Then, there is a very competitive affair in the Setenta Sports Handicap, in which Upsie looks to have a major chance for Willie Mullins, who has landed four of the last five renewals.

Ruby Walsh has opted for the mare (after JP McManus’ retained rider AP chose to ride favourite Regal Encore), and if she can follow on from her high level of form so far this season, she will go very close at 11/1.

She is two from two at Punchestown, including a win at last year’s festival, but arguably her best run was last time out, when finishing third behind Thousand Stars and Get Me Out of Here in a Grade Two at Fairyhouse. He was give a very patient ride by David Casey, who sat his mount fifth until getting serious after the proverbial bird had flown, but when he asked questions he got an instant response from the six-year-old and she flew home to finish third, nearly snatching the runners-up spot.

She is set to be ridden a lot more prominently under Walsh tomorrow, and although it is an extremely open race, she looks set to have a major chance at a brilliant price, where four places are paid with bookmakers.


3:05 Punch: Vesper Bell @ 7/1 (Various)

4:20 Punch: Fox Norton @ 18/1 (Coral)

5:30 Punch: Upsie @ 11/1 (Ladbrokes)


Punchestown Festival – Day Three

The week seems to be moving at a rate of knots, as we pass on to Thursday and day three of the festival across the Irish Sea.

Ned Buntline can kick-start our Thursday with a win in the second race of the day, following a string of valiant efforts at the top level. He finished runner-up to Champion Hurdle hero Jezki in his debut bumper back in 2012, and has been a talking horse in the past for the Noel Meade yard.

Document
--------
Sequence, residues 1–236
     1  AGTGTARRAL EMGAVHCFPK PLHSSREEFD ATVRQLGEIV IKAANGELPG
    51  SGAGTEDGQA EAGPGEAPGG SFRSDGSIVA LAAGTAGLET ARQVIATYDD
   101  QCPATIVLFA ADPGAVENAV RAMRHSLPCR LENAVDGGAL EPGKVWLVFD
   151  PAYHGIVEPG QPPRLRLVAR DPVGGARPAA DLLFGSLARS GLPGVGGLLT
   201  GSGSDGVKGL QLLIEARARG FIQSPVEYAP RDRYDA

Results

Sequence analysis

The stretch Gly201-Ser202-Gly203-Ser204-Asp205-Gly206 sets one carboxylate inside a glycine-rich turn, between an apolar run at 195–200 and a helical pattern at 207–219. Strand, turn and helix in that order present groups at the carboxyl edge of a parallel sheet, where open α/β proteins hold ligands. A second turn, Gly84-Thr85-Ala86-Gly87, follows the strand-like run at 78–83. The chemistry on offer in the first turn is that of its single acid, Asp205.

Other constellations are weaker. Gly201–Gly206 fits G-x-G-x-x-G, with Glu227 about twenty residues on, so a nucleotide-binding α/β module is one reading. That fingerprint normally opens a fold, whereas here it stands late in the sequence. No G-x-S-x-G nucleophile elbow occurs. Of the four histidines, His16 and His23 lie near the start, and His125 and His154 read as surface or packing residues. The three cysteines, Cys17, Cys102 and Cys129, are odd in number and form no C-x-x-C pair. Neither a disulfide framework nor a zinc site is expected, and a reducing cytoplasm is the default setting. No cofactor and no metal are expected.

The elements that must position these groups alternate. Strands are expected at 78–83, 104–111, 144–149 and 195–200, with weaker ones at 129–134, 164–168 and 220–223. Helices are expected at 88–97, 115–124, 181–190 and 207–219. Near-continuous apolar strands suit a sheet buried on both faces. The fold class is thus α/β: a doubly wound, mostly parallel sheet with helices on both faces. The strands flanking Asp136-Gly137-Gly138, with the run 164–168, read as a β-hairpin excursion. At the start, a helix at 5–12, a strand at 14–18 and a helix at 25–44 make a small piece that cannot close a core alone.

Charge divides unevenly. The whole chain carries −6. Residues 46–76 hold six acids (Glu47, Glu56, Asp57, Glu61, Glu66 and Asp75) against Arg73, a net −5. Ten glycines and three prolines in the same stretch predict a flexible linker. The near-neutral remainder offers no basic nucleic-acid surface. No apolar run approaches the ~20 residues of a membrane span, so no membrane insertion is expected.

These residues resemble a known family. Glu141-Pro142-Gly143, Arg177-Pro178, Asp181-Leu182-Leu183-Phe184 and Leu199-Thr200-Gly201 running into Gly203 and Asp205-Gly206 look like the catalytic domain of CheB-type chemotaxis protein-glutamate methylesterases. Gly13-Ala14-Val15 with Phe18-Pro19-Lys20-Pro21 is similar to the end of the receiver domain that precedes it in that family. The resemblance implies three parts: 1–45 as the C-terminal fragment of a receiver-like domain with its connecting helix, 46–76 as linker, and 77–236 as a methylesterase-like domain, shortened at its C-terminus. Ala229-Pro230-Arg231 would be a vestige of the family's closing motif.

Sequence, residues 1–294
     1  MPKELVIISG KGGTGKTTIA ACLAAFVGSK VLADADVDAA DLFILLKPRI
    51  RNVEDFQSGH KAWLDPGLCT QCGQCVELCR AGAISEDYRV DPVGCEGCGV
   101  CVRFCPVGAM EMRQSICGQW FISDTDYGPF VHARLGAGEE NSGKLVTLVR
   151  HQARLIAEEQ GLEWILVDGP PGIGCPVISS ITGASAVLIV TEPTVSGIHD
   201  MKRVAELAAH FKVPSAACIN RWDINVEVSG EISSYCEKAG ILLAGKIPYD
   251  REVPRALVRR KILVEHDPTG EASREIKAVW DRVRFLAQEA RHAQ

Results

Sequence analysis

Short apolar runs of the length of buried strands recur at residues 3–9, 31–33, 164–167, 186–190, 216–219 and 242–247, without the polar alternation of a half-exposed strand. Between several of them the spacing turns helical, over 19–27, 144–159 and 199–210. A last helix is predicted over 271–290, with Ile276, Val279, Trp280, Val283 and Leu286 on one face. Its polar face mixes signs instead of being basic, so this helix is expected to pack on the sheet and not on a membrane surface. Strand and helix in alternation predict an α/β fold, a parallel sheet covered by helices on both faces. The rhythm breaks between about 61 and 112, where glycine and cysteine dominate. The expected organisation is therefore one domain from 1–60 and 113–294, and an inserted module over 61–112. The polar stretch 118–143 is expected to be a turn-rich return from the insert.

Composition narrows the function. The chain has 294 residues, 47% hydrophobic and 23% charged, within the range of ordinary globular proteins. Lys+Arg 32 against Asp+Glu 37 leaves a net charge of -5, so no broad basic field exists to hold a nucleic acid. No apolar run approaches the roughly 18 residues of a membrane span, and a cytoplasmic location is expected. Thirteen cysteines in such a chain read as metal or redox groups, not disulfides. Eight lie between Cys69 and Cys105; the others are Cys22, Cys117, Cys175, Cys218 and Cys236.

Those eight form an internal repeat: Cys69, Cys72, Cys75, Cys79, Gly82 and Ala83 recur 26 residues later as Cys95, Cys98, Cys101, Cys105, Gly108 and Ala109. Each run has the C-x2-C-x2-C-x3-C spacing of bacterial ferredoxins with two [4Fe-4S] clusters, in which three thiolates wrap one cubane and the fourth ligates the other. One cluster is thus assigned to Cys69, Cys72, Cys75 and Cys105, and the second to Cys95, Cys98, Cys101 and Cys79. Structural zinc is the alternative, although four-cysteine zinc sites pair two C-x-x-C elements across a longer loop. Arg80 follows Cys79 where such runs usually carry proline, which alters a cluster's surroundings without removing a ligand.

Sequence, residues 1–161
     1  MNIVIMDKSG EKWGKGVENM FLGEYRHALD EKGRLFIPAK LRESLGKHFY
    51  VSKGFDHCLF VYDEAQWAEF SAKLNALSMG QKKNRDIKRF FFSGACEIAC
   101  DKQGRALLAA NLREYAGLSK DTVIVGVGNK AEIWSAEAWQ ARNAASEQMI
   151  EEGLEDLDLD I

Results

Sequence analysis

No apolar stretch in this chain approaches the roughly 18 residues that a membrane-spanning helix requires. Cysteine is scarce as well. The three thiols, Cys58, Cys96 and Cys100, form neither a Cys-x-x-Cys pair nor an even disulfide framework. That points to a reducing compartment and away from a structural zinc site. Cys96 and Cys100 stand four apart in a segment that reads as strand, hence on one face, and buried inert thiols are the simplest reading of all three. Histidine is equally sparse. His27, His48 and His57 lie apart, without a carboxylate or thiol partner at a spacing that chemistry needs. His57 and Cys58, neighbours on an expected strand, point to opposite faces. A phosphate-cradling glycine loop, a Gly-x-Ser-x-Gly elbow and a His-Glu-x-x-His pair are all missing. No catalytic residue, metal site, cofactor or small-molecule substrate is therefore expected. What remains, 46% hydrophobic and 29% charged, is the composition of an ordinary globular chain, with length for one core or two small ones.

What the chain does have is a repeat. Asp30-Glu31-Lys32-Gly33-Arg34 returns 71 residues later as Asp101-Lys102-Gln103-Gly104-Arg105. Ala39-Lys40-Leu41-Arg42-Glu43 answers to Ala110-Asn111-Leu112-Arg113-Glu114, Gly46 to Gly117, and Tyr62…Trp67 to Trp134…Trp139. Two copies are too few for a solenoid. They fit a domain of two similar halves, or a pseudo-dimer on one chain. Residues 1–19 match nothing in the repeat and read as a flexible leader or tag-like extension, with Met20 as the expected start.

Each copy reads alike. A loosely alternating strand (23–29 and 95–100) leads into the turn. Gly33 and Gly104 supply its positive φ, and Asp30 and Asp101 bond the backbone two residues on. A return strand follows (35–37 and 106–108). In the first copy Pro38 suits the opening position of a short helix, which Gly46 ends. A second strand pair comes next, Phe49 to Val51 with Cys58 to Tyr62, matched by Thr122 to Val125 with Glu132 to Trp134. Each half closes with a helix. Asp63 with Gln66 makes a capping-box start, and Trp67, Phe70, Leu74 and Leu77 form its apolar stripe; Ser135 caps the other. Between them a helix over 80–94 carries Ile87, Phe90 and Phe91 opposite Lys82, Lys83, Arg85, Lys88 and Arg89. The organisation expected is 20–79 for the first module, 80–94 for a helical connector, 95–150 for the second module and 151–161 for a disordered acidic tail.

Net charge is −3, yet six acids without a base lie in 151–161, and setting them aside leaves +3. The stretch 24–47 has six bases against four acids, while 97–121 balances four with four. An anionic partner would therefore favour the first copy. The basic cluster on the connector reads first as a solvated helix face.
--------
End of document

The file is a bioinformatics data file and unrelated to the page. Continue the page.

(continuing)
There has always been extremely strong vibes around for the gelding, and his second in the Grand Annual at the Cheltenham Festival show he is continuing on his journey to the top, after looking the likeliest winner the whole way around under the ever patient Paul Carberry.

He has only been raised two pounds for that effort, which looks extremely fair, and the Champion Jockey Tony McCoy takes over the reigns, in the colours of his boss JP McManus. It is an extremely open race, but back on the quicker ground, with a lenient handicap mark, Ned Buntline can take advantage and land a valuable prize on his way to better things next year, at an extremely tempting 11/2.

It could prove to be a quickfire double for JP McManus and AP McCoy, as World Hurdle third, and Aintree Hurdle runner-up At Fishers Cross lines up to battle with the mighty mare Quevega.

Quevega is the extremely warm favourite at 10/11, and is likely to go off a lot shorter with the majority of the Irish contingent seeing her as ‘the good thing’ of the week, thanks to her tremendous record which sees her unbeaten in her last nine runs, as-well as winning six out of eight attempts at Punchestown. However, At Fishers Cross has been running consistently well at the top level, and there has always been the belief he is yet to show us the best of his ability, even though he has produced some fantastic runs already in his career.

He traveled magnificently at both Cheltenham and Aintree, but failed to see out his races after forcing the pace at the wrong times. McCoy will have learned a lot from these races, and will be out to atone for making the error of opting for the wrong horse in the World Hurlde last time out. Quevega is a magnificent mare, but faces an extremely tough challenge tomorrow, so if McCoy can nick a few lengths from the front on the second circuit, it will be interesting to see how Ruby Walsh chooses to play his hand on-board the favourite, after usually swooping with a late run.

She will be very tough to beat, but the ultra-consistent At Fishers Cross is sure to be there battling it out at the finish, and the 9/2 on offer is too big to ignore.

The final selection comes in the shape of Balder Success, who landed the Maghull Novices’ Chase in tremendous fashion at the Aintree meeting. His mix of solid jumping and ability to see out his races means he will be extremely hard to beat, and the six-year-old heads the official ratings, which speaks volumes about his chances over in Ireland.